Remember also that the consumption of coffee or alcohol can decrease your absorption of vitamin D.
Can I get vitamin D from sun ?
Vitamin D is unique compared to other vitamins. Even though you can get it from various food sources, your body can also make it. When you expose your skin to sunlight, your body has the ability to convert cholesterol into vitamin D, which also acts as a hormone.
The body makes vitamin D when skin is directly exposed to the sun. Skin exposed to sunshine indoors through a window will not produce vitamin D. Cloudy days, shade, and having dark-colored skin also cut down on the amount of vitamin D the skin makes.
Sunshine is vegan! In a sunny countries try to go for at least 20 minutes walk outdoor, but if you live in a country with the seasons please consider supplementation (this applies not only to vegans).
What vegan products contain vitamin D?
Mushrooms - At least some! As commercial mushrooms are grown indoors they often have next to no vitamin D present. You need mushrooms which are exposed to UV rays. Look for a label that says “Mushrooms enriched with vitamin D” or “UV treated mushrooms”; a controlled light treatment was used to increase vitamin D level. Chanterelle and morels mushrooms (as they are grown in a wild) have a higher levels of vitamin D.
Fortified plant based milk
Almost all plant-based milk products, such as almond, soy, oatmeal, and cashew, can be fortified with necessary vitamins and minerals. Generally,a cup of plant-based milk should provide around 30 percent of adults recommended daily intake of vitamin D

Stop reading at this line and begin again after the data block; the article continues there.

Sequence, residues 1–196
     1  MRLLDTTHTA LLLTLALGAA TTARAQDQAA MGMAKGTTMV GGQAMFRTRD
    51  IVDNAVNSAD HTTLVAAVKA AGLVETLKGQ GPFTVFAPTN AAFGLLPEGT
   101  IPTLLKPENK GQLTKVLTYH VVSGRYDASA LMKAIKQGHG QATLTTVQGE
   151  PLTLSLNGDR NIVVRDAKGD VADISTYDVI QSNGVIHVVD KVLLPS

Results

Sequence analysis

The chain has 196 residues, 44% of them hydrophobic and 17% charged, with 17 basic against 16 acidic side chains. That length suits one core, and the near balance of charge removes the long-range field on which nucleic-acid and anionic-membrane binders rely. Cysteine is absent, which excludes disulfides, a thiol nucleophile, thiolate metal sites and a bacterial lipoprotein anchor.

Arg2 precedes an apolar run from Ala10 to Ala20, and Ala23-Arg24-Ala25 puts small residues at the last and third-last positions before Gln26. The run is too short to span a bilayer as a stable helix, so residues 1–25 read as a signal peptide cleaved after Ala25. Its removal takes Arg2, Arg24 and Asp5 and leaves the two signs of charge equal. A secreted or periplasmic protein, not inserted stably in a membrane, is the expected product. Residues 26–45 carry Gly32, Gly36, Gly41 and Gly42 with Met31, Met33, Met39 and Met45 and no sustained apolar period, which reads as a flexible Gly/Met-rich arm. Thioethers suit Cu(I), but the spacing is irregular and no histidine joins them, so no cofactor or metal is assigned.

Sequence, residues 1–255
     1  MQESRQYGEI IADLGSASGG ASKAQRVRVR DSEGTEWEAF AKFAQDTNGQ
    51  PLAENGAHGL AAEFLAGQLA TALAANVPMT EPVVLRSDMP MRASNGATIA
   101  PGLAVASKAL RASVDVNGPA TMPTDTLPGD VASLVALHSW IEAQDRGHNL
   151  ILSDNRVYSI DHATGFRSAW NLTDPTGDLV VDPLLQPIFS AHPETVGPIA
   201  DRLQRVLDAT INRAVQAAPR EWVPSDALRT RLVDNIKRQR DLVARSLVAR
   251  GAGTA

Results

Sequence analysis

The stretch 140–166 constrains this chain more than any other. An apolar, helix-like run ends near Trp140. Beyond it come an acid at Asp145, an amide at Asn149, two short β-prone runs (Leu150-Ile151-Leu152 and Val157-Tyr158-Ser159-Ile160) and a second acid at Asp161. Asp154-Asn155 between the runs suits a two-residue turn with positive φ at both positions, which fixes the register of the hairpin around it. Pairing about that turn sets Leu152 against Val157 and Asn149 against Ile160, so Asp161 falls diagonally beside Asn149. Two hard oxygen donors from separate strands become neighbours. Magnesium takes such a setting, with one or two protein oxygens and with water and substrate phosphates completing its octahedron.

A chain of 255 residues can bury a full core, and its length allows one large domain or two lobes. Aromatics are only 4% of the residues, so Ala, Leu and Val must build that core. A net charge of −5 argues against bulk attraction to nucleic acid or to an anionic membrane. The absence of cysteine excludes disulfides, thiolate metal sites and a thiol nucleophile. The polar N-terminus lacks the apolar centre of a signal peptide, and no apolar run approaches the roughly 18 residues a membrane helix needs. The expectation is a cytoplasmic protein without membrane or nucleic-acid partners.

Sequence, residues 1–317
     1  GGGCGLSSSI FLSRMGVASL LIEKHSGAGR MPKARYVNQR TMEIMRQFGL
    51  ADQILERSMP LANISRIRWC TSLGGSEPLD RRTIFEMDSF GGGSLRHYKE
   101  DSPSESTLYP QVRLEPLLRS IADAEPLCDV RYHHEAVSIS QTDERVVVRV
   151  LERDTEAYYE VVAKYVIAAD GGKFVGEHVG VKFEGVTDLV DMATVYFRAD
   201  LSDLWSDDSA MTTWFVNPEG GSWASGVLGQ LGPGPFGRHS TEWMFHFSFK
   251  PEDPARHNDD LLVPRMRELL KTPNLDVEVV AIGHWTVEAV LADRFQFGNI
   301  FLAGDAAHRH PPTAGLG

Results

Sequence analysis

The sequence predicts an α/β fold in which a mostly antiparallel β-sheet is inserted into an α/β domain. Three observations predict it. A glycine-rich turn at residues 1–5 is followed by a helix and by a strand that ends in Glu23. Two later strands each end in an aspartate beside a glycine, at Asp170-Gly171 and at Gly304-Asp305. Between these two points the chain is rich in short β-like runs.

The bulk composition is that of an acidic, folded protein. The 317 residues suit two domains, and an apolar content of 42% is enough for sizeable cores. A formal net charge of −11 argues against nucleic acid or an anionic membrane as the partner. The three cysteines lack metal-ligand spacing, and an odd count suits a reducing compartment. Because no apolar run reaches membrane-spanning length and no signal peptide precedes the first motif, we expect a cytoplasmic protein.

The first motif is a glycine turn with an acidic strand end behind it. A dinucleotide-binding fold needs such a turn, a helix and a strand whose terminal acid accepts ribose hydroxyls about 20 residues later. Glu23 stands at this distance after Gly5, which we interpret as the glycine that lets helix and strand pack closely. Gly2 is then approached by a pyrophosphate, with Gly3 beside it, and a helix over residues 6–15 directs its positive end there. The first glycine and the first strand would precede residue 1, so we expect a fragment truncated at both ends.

Fortified orange juice
Major brands sell orange juice with about 350 milligrams (mg) of calcium and 100 international units of vitamin D added to each 230ml serving.
Vitamin D2 and vitamin D3 are equally available in orange juice and capsules.
Many breakfast cereals and brands of oatmeal are fortified with vitamin D. Cereals fortified with vitamin D will usually list the vitamin in the nutritional information.
Some popular brands as Quaker's Oats, Kellogg's Special K and Multi Grain Cheerios are fortified with vitamin D. Enjoy a bowl of cereal with fortified soya milk and a glass of orange juice to get half of your recommended allowance of vitamin D all before lunch time.
Do I need to take a supplements of vitamin D?
Vitamin D supplements are another option to boost your intake if you eat a vegan diet. Not all vitamin D supplements are vegan-friendly, so be sure to research a brand before buying a supplement. If you don’t get adequate sun exposure.
To enhance absorption, it’s recommended that you take vitamin D supplements with a meal. Foods that are high in fats, like avocados, nuts, and seeds, are particularly helpful with increasing the absorption of vitamin D into your bloodstream.
If you eat a vegan diet, getting enough vitamin D can be challenging, but there are ways to increase your intake that don’t involve animal sources.
Cereals and milk replacements fortified with vitamin D are two of the best sources of dietary vitamin D for vegans. Taking a daily vitamin D supplement can also help you boost your levels.
Exposing your skin to sunlight can also increase your body’s natural vitamin D production. For most people, 20 minutes walk three times a week is sufficient.